The final analysis of the PAOLA-1/ENGOT-ov25 trial confirmed the benefit of olaparib plus bevacizumab as maintenance therapy following frontline treatment in women with HRD-positive advanced ovarian cancer.
Adding olaparib (Lynparza) to maintenance therapy with bevacizumab (Avastin) following treatment with first-line standard-of-care treatment led to a clinically meaningful improvement in overall survival (OS) in patients with advanced ovarian cancer and homologous recombination deficiency (HRD), according to a final analysis of the PAOLA-1/ENGOT-ov25 trial (NCT02477644) presented at the 2022 European Society for Medical Oncology Congress.1
“These data confirm the addition of olaparib to bevacizumab as a standard of care for HRD-positive patients in this setting and the importance of precision medicine and biomarker testing to guide treatment decisions,” Isabelle L. Ray-Coquard, MD, PhD, a medical oncologist at Centre Léon Berard Université Claude Bernard in Lyon, France, said during a presentation of the data.
After a median follow-up of 61.7 months (range, 57.5-67.0) in the olaparib arm and 61.9 months (range, 58.1-66.8) in the placebo arm, median OS in the intent-to-treat population was 56.5 months vs 51.6 months, respectively (HR, 0.92; 95% CI, 0.76-1.12; P = .4118). Moreover, OS rates at 5 years were 47.3% with the addition of olaparib compared with 41.5% with placebo.
In patients with tumors positive for HRD, the addition of olaparib to bevacizumab maintenance therapy reduced the risk for death by 38% (HR, 0.62; 95% CI, 0.45-0.85), with 5-year OS rates of 65.5% with the combination regimen and 48.4% with placebo. This benefit was consistent across patients who harbored a BRCA mutation (5-year OS rates, 73.2% vs 53.8%, respectively; HR, 0.60; 95% CI, 0.39-0.93) and those who did not (5-year OS rates, 54.7% vs 44.2%; HR, 0.71; 95% CI, 0.45-1.13). However, no benefit was seen in HRD-negative patients (5-year OS rates, 32.3% vs 25.7%, respectively; HR, 1.19; 95% CI, 0.88-1.63).
As of the final analysis, adverse events of special interest in the olaparib and placebo groups included myelodysplastic syndrome/acute myeloid leukemia/aplastic anemia (1.7% vs 2.2, respectively), new primary malignancies (4.1% vs 3.0%), and pneumonitis (1.3% vs 0.7%).
“Incidence of MDS/AML and new primary malignancies remained low and balanced between arms,” Ray-Coquard said.
In the randomized, double-blind, international phase 3 trial, patients were randomized 2:1 to receive either 300 mg olaparib tablets twice daily (n = 537) or placebo (n = 269) for up to 24 months. All patients received 15 mg/kg bevacizumab every 3 weeks for up to 15 months.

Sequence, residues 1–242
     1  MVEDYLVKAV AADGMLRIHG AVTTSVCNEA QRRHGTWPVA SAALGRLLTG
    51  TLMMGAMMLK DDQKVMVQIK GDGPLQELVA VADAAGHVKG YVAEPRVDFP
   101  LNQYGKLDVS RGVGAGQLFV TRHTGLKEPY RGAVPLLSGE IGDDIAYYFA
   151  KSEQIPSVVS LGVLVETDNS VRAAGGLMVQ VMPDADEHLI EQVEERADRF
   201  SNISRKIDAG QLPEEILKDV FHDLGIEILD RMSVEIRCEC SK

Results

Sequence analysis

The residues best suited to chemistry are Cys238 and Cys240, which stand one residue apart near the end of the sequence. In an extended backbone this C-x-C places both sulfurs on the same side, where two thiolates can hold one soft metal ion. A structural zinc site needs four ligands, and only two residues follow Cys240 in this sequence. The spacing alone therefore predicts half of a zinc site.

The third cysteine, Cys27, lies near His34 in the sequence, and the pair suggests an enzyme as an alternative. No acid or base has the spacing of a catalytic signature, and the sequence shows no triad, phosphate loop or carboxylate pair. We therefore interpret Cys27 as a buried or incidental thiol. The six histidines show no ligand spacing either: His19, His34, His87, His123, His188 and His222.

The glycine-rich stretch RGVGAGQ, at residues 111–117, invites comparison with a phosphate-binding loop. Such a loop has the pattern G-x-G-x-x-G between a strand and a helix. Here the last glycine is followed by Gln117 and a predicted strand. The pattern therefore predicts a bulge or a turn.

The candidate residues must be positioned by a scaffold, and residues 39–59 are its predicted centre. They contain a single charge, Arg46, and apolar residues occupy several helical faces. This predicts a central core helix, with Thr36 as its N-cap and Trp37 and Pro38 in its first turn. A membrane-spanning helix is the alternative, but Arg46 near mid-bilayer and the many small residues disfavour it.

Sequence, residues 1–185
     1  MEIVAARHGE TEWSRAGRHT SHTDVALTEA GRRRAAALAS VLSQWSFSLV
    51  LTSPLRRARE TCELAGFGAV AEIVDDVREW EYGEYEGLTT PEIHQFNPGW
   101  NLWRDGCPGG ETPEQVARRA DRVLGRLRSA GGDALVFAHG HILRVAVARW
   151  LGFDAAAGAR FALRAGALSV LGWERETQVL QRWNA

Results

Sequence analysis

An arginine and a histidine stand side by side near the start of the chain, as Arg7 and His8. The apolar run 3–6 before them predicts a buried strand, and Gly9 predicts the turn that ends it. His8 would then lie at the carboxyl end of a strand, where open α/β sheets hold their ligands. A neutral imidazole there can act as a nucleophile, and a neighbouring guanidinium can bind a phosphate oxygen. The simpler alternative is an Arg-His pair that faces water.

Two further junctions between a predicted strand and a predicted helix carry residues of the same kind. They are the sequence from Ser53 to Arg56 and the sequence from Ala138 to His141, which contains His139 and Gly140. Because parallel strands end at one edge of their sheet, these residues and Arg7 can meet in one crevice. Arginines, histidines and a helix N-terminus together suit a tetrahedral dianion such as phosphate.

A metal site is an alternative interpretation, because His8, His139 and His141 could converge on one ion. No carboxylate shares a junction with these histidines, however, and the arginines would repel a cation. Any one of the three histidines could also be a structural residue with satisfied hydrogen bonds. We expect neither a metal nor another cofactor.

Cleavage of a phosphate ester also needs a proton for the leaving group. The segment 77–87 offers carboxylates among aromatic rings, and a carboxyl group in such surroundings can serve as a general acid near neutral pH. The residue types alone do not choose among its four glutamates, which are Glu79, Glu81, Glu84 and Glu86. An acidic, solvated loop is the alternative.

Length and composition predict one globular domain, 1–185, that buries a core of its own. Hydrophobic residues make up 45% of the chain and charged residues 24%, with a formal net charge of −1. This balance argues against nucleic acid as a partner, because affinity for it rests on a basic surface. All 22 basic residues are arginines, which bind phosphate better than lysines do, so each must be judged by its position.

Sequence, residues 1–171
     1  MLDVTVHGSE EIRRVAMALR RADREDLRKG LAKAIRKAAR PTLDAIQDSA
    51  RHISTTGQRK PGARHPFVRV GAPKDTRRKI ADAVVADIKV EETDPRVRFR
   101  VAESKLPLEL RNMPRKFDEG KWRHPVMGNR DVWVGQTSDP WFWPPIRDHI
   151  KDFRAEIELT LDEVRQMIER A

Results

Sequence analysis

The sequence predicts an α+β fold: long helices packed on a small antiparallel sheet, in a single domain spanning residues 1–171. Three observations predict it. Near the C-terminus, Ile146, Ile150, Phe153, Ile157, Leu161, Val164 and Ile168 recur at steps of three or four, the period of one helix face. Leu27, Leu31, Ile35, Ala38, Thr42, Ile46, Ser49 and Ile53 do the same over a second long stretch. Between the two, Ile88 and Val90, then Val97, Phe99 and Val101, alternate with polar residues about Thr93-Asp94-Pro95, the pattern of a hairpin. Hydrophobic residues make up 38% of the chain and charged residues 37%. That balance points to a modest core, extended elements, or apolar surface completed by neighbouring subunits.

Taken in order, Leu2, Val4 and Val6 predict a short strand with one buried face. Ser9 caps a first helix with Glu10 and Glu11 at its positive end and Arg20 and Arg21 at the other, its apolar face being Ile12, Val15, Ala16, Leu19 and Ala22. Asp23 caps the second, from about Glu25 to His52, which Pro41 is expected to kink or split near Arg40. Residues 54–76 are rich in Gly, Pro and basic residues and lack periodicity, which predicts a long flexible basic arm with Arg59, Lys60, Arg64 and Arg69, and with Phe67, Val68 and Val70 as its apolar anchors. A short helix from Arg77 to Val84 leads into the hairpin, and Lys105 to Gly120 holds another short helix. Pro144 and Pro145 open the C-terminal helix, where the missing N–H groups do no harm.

Progression-free survival (PFS) served as the primary end point. Secondary end points included time to second progression (PFS2) and OS.
To be eligible for the trial, patients had to have newly diagnosed, International Federation of Gynecology and Obstetrics (FIGO) stage III to IV, high-grade serous or endometrioid ovarian, fallopian tube and/or primary peritoneal cancer, and a response after first-line platinum-taxane chemotherapy plus bevacizumab. First-line treatment included upfront or interval surgery and platinum-taxane–based chemotherapy plus 2 or more cycles of bevacizumab. Patients were eligible regardless of surgical outcome or BRCA mutation status.
Patients in the olaparib arm had a median age of 61 years (range, 32-87). In total, 47% of the olaparib group had HRD positivity, including those with (29%) and without (18%) BRCA mutations. Moreover, the majority of those who received olaparib underwent upfront surgery (50%), with 54% of the arm reporting no evidence of disease.
In total, 19.6% of patients in the olaparib arm (n = 105) and 45.7% of patients in the placebo arm (n = 123) were receiving a PARP inhibitor during any subsequent treatment.
In the primary analysis of the trial, after a median follow-up of 22.9 months, median PFS with olaparib plus bevacizumab was 22.1 months compared with 16.6 months with placebo plus bevacizumab (HR, 0.59; 95% CI, 0.49-0.72; P <.001). In HRD-positive patients, median PFS with olaparib vs placebo among those with a BRCA mutation was 37.2 months vs 17.7 months, respectively (HR, 0.33; 95% CI, 0.25-0.45), and was 28.1 months vs 16.6 months (HR, 0.43; 95% CI, 0.28-0.66) among patients who did not have BRCA mutations.2
In the final analysis, median PFS was 46.8 months with olaparib compared with 17.6 months with placebo (HR, 0.41; 95% CI, 0.32-0.54), with 5-year PFS rates of 46.1% vs 19.2%, respectively.1